7. Preparation: As I prepared for the networking event of the previous point, I always try to prepare for important meetings. We, introverts, need to analyze lots of things. So if we prepare in advance, read about the topic, have some questions available beforehand, etc., we do way better. Depending on the event, I even visit the facilities before to get to know the place. You will call me crazy, but sometimes I even have escape routes.
8. Facilitated meetings: Sometimes, it is hard for us introverts to get space to talk in a forum. The more people, the harder it is to request the word. This happens for several reasons, and according to research, most introverted people even feel invisible from time to time. Facilitated meetings help a lot, and the good old post-its as well. Sometimes brainstorming in writing also does the trick. In big zoom calls, break-out rooms are excellent. Take a look at different facilitation techniques. It will help you and all other introverted people from your team to contribute.
Very specific to remote work, I am finding stuff like the “Raise your hand” feature very handy. As well as the chat room, sometimes dropping a “can I share some things after you finish your thought” there helps a lot.
9. Surround yourself with complementary people: We often work in teams. One of the powerful things in groups is diversity and complementarity. In a well-designed team, people with different backgrounds, skills, and profiles will work together, complementing each other. A good combination of Introverts + Extroverts is surprisingly effective. Aligned to that, directly ask for help from our team members to cover your blind spots. Incentivize them to do the same with you.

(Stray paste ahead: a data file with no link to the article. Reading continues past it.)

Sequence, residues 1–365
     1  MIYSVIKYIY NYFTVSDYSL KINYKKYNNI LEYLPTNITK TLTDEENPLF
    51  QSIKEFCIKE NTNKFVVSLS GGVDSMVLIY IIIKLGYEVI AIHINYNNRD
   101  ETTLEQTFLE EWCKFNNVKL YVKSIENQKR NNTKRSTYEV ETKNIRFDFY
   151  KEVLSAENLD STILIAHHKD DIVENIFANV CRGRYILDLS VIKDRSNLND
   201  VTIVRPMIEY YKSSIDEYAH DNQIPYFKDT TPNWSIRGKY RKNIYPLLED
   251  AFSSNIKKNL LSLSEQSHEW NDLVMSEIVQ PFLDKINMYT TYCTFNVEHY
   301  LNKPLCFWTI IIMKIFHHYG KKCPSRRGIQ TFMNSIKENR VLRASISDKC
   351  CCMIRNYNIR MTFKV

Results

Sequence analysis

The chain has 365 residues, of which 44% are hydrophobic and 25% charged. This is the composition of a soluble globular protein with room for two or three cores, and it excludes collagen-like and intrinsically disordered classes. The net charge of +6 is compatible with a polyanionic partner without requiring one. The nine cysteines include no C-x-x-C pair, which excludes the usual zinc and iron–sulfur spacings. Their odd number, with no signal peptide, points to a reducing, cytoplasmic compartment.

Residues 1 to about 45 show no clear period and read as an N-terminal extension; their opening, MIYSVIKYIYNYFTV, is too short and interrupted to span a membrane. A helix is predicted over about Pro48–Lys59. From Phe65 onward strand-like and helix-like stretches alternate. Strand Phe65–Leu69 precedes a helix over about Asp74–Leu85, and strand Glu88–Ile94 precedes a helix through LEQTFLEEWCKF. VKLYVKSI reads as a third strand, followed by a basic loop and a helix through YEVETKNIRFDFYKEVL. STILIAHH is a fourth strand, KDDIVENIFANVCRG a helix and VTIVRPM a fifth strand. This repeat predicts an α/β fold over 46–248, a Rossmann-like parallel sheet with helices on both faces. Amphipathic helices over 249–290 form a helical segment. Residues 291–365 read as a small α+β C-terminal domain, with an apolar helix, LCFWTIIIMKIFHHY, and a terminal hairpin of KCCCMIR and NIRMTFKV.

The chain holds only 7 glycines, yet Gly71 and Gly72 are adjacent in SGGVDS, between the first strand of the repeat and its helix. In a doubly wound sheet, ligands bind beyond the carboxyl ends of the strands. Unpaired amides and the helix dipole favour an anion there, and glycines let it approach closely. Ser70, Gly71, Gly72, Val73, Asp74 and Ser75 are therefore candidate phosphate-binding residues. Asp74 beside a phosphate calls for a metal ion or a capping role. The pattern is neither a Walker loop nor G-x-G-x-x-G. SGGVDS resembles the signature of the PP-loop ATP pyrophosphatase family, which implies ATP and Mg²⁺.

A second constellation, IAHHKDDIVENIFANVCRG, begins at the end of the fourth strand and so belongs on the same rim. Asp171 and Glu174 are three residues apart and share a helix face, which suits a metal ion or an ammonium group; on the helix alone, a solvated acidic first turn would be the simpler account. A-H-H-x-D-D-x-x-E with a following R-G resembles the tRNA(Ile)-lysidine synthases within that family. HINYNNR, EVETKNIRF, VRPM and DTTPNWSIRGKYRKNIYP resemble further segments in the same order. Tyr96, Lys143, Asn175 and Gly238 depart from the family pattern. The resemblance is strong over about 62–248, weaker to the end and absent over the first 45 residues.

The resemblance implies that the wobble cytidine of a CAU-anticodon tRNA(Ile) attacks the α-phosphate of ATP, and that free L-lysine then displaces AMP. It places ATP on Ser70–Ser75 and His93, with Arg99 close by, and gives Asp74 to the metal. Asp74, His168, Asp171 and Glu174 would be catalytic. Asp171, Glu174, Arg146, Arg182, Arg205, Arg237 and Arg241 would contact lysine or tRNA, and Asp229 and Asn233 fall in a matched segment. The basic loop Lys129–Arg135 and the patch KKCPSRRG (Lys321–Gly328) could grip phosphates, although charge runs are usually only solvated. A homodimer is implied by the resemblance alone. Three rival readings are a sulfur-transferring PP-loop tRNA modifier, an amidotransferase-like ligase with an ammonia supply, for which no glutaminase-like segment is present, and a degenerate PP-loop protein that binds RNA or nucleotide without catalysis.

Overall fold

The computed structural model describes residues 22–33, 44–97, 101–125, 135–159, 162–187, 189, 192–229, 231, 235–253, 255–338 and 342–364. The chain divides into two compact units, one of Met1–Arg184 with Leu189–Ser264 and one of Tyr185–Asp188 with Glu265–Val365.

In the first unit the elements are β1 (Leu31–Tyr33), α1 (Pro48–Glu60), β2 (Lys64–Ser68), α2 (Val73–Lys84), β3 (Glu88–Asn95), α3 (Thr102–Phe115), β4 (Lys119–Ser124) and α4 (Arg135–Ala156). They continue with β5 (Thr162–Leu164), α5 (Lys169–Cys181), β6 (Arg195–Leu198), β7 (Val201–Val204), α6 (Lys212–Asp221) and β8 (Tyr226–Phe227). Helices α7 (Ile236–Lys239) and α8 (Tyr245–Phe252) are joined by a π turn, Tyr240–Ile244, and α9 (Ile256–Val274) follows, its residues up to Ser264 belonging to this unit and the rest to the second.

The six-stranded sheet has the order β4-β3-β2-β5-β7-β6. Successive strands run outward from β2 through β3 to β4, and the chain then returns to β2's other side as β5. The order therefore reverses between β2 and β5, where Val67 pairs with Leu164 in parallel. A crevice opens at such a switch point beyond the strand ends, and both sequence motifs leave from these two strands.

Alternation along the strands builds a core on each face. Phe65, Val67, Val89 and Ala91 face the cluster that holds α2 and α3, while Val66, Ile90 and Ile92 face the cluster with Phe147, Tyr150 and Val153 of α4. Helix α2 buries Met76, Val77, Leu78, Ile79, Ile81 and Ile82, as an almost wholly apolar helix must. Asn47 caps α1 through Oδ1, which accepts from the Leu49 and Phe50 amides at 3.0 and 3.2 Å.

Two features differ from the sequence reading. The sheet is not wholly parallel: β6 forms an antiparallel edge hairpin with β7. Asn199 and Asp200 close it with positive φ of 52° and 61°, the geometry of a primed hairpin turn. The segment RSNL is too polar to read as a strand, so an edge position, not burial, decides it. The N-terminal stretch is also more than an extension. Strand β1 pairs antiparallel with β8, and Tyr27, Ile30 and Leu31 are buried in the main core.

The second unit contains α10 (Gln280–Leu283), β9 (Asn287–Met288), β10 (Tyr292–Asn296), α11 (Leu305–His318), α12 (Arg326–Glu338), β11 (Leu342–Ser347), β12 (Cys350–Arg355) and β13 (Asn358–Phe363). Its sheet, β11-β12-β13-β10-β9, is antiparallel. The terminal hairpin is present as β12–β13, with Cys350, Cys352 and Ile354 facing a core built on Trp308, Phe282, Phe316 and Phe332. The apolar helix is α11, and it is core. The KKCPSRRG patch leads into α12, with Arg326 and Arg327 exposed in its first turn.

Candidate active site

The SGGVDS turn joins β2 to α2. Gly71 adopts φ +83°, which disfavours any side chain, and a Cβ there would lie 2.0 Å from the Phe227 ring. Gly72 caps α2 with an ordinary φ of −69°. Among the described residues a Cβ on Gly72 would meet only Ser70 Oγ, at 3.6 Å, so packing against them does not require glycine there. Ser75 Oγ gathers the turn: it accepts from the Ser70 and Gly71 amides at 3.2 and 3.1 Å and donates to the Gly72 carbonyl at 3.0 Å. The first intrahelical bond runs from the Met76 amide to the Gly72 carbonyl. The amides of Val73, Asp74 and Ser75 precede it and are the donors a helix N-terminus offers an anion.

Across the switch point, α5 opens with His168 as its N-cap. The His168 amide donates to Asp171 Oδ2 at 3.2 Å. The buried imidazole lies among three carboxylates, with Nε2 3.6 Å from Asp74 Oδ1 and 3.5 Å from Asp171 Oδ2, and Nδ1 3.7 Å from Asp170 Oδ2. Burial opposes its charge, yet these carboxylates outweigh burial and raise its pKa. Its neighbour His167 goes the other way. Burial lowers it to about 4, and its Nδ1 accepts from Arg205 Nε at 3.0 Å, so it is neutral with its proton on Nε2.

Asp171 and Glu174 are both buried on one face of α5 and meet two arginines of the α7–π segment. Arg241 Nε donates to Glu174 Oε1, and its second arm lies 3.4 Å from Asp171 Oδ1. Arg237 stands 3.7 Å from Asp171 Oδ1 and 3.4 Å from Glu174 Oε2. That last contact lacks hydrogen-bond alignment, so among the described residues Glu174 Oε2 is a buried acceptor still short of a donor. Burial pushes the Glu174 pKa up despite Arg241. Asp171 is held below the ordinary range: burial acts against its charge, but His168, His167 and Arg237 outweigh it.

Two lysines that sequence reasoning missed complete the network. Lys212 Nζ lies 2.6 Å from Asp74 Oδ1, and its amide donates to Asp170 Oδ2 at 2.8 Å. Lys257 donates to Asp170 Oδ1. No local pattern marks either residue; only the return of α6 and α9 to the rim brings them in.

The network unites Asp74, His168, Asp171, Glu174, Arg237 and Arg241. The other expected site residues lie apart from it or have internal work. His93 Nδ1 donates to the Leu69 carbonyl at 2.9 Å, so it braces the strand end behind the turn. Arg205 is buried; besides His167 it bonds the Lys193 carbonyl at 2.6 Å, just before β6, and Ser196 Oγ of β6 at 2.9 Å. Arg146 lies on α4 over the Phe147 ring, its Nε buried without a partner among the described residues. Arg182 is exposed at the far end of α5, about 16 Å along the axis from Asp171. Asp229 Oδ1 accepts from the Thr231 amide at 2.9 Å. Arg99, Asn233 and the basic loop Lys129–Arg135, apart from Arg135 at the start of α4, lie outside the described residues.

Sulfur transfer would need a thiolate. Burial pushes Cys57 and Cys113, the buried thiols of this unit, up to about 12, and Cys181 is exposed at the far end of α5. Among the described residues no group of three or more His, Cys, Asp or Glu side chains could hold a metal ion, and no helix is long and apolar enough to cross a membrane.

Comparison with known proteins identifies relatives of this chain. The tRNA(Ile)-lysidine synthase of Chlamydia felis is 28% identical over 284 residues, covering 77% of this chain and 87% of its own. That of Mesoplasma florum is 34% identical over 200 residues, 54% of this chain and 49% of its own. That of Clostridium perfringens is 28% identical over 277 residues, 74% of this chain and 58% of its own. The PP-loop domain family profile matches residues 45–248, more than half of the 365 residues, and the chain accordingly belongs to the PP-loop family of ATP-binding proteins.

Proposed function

10. Self Awareness: Maybe this item here replaces all the others. So if you need to stick to one, stick to this one. In a nutshell: Know (and be) yourself. Both social profiles fit any work, and combining both on an inclusive team is just magic!
I could go on and on. More examples came to my mind as I wrote this list. But I will keep my initial commitment to keep the list to 10 items. If you want to go deeper, some of my reading material below are nice references.
11. Extra topic (or easter egg??) if you got to this point: This is for extroverted leaders. If you are an extrovert reading this, think about how to use this to include and make your introverted colleagues more spontaneous. They exist in your team right now, and if you allow them to be spontaneous, you’ll see their actual value.
It is just who we are
Introverts’ brains are wired differently from extroverted ones, and introverts will continue to be introverts.
That is not a problem to be fixed. It is instead a characteristic such as being tall. I remember how often I have listened to unaware leaders’ feedback along the lines of “Stop being so introverted.” Please don’t do this! Help people find ways to contribute while being who they are.
Most people are somewhere on a spectrum between a hardcore introvert on one side and an extremely extrovert on the other side. It is not binary.
We are not alone
Maybe because we are usually silent, in the past, I often thought that I was the only introvert at the table. Eventually, I learned that introverts make up between 40 to 60 percent of the workforce. When I started talking about this, I found out that many of my colleagues around me are as introverted as I am. If you are a business leader, some food for thought: By engaging introverts, retention increases.
Specific about introverted leaders
Not directly about introversion, but present on this reflection somehow:
- Linkedin (Use the Linkedin version for any comments or suggestions)